May 11, 2017
With Budget Adopted and Legislative Business Completed, Tennessee General Assembly Adjourns for the Year
The 2017 session of the 110th Tennessee General Assembly adjourned this week on Wednesday, May 10, 2017.  Despite a last minute flurry of activity and controversy involving the state budget and bills placed "behind the budget," both bodies closed out their business with less fanfare than when they convened in January.  The 2018 session of the 110th General Assembly will reconvene at 12:00 noon (CST) on Tuesday, January 9, 2018.  You can read more about some of the last-minute bills that were approved and rejected in this report from Tom Humphrey. 
The Tennessee Chamber staff is working on a comprehensive business analysis of the legislative session that includes bill outcomes, key votes and how the business community fared on a number of issues.  We expect this upcoming edition of our Business Insider publication to reach your inbox or mailbox in the coming weeks, so please stay tuned. 
Lastly, we wanted to extend our sincerest thanks to each of you, our members and Chamber partners, for all of your hard work during the legislative session.  Your efforts in contacting House and Senate members on important legislative issues made a measurable impact and served to visibly elevate the presence and influence of the business community.  With the session now adjourned until next year, it is crucial that you maintain communication with your elected officials on important business issues and, most importantly, THANK those members that supported the business community this year, particularly those who supported the IMPROVE Act.  The opposition will no doubt be talking with legislators now that they are home, so it is more important than ever to weigh in and continue making your voices heard.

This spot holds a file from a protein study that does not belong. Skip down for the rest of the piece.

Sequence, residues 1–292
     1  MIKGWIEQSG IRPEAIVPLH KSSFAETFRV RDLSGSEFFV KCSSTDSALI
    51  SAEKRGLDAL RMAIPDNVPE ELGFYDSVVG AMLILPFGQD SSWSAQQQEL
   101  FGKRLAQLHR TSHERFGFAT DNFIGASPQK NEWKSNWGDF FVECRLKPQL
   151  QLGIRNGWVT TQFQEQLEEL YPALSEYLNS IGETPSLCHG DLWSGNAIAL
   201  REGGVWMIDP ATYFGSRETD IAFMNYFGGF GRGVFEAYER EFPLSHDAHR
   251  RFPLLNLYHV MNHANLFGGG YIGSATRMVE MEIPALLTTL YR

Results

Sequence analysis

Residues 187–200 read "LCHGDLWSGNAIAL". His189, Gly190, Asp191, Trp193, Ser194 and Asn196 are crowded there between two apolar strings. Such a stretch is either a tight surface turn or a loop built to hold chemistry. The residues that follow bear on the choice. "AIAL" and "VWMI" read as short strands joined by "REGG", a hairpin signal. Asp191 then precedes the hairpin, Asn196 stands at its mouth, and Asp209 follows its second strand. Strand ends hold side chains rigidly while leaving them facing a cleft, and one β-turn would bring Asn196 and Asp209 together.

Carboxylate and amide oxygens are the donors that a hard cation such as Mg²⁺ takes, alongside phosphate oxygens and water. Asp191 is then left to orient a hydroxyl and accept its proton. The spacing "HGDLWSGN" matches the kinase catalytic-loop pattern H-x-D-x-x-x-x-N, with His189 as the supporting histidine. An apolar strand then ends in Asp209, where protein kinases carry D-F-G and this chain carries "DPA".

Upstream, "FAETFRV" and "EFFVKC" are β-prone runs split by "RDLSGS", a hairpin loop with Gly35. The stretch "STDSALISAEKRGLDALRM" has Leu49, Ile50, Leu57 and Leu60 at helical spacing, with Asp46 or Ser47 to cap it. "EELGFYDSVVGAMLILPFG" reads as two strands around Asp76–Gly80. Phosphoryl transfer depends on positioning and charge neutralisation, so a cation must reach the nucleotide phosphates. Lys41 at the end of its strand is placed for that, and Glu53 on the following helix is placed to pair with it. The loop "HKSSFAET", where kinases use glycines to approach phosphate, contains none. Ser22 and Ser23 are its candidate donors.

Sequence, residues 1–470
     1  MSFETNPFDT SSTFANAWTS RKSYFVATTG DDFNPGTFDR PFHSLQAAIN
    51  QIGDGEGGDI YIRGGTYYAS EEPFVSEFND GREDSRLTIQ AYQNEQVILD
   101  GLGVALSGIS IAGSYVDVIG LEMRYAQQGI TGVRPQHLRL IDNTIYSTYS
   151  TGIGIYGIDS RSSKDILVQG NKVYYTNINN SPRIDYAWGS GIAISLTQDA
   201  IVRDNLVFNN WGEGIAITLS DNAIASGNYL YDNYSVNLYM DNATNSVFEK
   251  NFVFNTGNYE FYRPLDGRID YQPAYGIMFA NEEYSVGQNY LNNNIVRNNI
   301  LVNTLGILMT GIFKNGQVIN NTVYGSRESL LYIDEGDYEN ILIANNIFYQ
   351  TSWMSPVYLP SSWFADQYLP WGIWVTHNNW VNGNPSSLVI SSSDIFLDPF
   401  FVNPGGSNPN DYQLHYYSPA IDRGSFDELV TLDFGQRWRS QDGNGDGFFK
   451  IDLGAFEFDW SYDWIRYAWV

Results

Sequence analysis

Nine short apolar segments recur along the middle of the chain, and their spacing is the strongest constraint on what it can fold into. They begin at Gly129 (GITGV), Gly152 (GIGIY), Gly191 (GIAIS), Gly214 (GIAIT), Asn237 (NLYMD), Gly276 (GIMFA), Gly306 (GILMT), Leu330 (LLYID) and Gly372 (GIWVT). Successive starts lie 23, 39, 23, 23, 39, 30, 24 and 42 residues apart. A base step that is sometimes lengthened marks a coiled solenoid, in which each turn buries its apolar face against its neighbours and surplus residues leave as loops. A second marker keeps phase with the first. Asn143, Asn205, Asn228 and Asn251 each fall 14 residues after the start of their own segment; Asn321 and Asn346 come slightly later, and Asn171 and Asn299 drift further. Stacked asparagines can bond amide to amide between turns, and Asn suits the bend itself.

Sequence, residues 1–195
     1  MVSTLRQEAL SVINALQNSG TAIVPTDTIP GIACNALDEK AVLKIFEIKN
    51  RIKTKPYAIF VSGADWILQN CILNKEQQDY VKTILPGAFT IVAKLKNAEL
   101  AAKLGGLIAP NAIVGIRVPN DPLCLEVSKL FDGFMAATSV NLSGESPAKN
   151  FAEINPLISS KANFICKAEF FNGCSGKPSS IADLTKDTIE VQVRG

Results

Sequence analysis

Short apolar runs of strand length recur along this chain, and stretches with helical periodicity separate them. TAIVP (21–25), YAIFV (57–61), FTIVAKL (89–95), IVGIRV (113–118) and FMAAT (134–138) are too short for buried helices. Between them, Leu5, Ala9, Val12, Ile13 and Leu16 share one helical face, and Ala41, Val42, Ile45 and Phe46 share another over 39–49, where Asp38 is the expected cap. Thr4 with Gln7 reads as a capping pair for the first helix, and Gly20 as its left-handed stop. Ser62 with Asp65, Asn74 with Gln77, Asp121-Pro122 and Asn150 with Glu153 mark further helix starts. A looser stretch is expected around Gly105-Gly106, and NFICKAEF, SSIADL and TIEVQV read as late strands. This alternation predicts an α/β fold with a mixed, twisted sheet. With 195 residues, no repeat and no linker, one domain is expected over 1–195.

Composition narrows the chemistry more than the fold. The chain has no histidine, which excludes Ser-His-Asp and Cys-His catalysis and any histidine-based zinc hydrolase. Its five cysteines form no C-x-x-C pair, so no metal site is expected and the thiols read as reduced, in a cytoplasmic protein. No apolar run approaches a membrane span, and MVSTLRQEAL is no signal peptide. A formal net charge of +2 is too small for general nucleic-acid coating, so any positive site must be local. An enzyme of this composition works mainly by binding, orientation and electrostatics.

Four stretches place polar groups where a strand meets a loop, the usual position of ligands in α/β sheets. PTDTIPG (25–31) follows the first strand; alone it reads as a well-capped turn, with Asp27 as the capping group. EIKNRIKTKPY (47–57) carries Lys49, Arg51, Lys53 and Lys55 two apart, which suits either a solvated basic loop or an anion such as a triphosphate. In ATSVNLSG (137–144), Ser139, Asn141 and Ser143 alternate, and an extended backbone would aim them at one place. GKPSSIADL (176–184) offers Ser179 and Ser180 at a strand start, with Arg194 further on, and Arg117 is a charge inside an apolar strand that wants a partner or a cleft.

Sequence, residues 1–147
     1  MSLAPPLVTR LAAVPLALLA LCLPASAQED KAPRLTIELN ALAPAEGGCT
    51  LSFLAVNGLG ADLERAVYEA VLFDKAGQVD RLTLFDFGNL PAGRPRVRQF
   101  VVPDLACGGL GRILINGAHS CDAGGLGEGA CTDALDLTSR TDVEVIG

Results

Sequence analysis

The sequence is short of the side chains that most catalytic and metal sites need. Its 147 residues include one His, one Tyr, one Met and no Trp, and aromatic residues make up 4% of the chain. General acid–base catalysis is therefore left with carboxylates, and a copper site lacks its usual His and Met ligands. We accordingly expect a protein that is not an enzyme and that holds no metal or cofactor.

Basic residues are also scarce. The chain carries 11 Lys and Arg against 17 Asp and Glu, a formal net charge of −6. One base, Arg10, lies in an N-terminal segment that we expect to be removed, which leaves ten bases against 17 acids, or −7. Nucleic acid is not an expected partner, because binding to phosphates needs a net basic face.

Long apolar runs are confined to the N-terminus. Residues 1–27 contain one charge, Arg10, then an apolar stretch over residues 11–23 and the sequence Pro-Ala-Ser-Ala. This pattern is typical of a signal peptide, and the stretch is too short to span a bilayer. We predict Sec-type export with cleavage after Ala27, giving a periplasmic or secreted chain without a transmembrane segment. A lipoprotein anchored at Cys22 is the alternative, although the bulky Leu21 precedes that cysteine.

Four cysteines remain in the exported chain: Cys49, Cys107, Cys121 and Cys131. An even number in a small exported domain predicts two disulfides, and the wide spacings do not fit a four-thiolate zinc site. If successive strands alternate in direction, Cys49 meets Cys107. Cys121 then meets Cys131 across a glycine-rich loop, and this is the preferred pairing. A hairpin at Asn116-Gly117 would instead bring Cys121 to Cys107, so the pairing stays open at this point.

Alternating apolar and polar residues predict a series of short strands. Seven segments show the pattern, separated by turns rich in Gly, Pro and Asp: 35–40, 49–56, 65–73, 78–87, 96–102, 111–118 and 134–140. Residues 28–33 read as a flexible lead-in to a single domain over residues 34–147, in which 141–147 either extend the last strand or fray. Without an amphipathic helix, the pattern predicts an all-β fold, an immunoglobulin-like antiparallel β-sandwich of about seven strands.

This will be the final edition of our weekly Capitol Update for the year, so please do not hesitate to reach out to our government affairs team if you have any questions, thoughts, or ideas about this or next year's legislative session.
Groundbreaking Tennessee Reconnect Act Secures Legislative Approval in Final Day of Session; Heads to Governor's Desk
Tennessee now first state to offer all citizens post-secondary education free of tuition and fees
NASHVILLE - Tennessee Gov. Bill Haslam yesterday thanked the General Assembly for its partnership in making Tennessee the first state in the nation to offer all citizens - both high school graduates and adults - the chance to earn a postsecondary degree or certificate free of tuition and fees and at no cost to taxpayers.